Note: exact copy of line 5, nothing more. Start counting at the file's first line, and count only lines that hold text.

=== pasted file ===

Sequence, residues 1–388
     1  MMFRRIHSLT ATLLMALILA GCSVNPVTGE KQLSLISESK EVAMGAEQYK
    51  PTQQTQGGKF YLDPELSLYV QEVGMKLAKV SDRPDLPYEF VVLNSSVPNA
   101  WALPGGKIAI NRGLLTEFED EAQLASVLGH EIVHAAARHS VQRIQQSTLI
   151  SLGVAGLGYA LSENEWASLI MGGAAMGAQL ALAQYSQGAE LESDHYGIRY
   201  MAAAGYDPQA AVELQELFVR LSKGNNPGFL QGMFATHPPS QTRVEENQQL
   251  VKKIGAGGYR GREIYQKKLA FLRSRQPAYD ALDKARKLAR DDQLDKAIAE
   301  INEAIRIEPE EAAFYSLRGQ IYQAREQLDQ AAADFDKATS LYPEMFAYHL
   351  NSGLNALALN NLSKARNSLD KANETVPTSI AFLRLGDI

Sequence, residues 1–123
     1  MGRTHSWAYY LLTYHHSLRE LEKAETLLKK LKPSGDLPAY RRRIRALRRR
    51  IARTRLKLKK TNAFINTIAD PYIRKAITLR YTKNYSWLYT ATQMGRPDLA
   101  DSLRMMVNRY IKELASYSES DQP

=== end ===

   151  SLGVAGLGYA LSENEWASLI MGGAAMGAQL ALAQYSQGAE LESDHYGIRY